The Michener Awards Foundation honours, celebrates and promotes excellence in Canadian public service journalism. The Michener Award was established in 1970 by the late Right Honourable Roland Michener, Governor General of Canada from 1967 to 1974. It was initially handled by the Federation of Press Clubs. But in 1983, the responsibility of administering the awards was transferred to the newly organized and newly titled ‘Michener Awards Foundation/La Fondation des Prix Michener’.
Originally founded by Letters Patent, the Michener Awards Foundation is now incorporated by articles of incorporation and a Certificate of Continuance from Corporations Canada pursuant to the Canada Not For Profit Corporations Act which came into force in 2011. (Michener Foundation Bylaws)
The Michener Award
The first Michener Award was presented in 1971 for journalism in the calendar year 1970. It was launched under the auspices of the late Roland Michener, then-governor general. The Award honours and celebrates outstanding and unbiased public service in journalism. It is presented annually and since its inception, a rich variety of news organizations have had their names inscribed on Michener trophies – print and broadcast, large and small, French and English, East and West. The Michener was the first national journalism award open to both broadcast and print media.
Entries are judged particularly for their professionalism, their impact on the public, and the degree of arms-length public benefit that is generated. Daily and weekly newspapers, news agencies, radio and television stations and networks and periodicals are eligible. Other criteria include the resources available to the news organizations, an effort to level the playing field for small, medium and large applicants.
There is usually only one annual winner for the Award. On occasion and at the discretion of the judging panel, the Award has been shared by two competing organizations on the same or related stories. For instance, in 2007, the judges decided to honour two newspapers for separate entries covering different phases of the Afghan detainee issue. CBC and Canadian Press shared the 2008 Michener Award for a joint project that analyzed and reported on the use of Taser stun guns. Split decisions may also occur if the panel has been unable arrive at a decision between two entries judged to be of equal merit. An entry designated as a runner-up is awarded Honourable Mention. Citations of Merit may also be awarded by the judges to selected finalists.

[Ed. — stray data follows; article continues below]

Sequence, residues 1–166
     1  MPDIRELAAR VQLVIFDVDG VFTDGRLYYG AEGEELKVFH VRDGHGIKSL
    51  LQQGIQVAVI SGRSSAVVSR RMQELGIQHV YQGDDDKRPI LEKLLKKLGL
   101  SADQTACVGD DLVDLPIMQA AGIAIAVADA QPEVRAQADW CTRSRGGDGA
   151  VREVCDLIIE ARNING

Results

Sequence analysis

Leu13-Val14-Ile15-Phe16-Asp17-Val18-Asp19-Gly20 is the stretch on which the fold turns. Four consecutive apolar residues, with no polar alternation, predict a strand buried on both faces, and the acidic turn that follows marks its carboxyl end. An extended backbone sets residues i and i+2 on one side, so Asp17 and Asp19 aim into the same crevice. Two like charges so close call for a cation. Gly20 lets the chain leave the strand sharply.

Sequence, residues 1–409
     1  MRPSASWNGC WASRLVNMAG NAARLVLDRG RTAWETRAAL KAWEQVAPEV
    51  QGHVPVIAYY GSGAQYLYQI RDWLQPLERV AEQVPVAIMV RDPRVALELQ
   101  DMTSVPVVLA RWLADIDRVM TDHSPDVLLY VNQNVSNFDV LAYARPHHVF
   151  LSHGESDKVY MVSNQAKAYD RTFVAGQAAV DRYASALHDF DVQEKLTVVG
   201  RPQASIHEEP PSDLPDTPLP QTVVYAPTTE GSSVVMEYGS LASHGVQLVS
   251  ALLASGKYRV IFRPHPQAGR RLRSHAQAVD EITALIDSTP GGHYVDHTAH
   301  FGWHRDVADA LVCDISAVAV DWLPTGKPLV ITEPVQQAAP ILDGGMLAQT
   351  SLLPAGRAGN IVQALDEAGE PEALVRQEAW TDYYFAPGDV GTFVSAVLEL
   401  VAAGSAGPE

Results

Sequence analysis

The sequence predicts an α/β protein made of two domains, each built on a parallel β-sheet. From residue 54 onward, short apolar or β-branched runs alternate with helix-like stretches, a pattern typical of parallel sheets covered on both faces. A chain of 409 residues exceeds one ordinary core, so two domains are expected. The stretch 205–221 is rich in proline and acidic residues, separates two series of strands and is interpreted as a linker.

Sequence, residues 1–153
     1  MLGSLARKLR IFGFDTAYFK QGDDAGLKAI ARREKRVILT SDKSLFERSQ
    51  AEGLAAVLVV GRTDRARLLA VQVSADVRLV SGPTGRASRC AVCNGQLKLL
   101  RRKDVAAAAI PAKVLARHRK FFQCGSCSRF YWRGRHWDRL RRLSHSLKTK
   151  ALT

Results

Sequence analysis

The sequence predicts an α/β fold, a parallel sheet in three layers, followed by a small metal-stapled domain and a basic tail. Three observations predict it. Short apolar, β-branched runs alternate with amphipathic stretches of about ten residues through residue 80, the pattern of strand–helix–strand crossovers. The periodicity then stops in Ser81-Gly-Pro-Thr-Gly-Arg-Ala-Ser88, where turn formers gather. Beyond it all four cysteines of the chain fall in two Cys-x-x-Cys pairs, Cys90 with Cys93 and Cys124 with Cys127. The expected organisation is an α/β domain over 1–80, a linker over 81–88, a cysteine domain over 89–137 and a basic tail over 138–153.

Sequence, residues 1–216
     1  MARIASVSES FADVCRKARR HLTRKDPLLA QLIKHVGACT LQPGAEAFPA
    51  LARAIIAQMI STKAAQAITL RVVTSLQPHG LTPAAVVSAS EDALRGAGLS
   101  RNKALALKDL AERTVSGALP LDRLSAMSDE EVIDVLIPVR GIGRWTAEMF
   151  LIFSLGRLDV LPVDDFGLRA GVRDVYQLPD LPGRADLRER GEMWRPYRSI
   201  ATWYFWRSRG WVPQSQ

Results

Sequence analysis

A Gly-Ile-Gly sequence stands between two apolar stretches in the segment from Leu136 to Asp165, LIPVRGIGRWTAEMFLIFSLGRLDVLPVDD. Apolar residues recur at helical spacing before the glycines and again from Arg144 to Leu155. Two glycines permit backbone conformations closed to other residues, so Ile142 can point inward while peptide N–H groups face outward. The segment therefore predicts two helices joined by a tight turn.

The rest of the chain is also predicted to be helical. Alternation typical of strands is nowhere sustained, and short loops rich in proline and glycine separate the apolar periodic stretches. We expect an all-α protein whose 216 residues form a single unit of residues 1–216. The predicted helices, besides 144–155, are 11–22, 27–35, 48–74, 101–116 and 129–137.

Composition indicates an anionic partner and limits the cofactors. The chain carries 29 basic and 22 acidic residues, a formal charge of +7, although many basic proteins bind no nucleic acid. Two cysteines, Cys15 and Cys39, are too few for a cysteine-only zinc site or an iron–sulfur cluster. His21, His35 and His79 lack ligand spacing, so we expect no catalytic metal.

The awards are to news organizations, rather than to individuals. A comparable award in the United States is the Pulitzer gold medal for public service by a newspaper. (see award entry rules)
The Michener-Baxter Special Award
In 1983, the Michener Awards Foundation established the Special Award to be presented on occasion, and at the discretion of the Board of Directors, to an individual whose achievement exemplifies the best in public service journalism. In 2010, this award was renamed the ‘Michener-Baxter Special Award’ in honour of the late Clive Baxter. Mr. Baxter accepted the very first Michener Award on behalf of the Financial Post in 1971. He and his family have been generous supporters of the Michener Awards Foundation.
The Michener – Deacon Fellowship
The Fellowship of the Michener Awards Foundation was introduced in 1987. It is known today as the Michener-Deacon Fellowship (named after the late Roland Michener and the late Paul Deacon, a senior media executive, former Michener Awards Foundation president and generous benefactor). The Fellowship is to encourage excellence in investigative print and broadcast journalism that serves the public interest through values that benefit the community. The Foundation provides a $30,000 study-leave fellowship (if warranted) for a four-month period. Applicants should be mature journalists interested in studies or programs that benefit the community at large, and at the same time enhance their competence. (see fellowship entry rules).
The Award Ceremony
Each year, the Governor General honours laureates at a ceremony at Rideau Hall. Roland Michener’s successors have graciously adopted and maintained a personal interest in the Michener Awards Foundation and its commitment to Canadian journalistic excellence
The Michener Awards Foundation
130 Albert Street
Tel.: (613) 230-3155
Fax: (613) 236-2556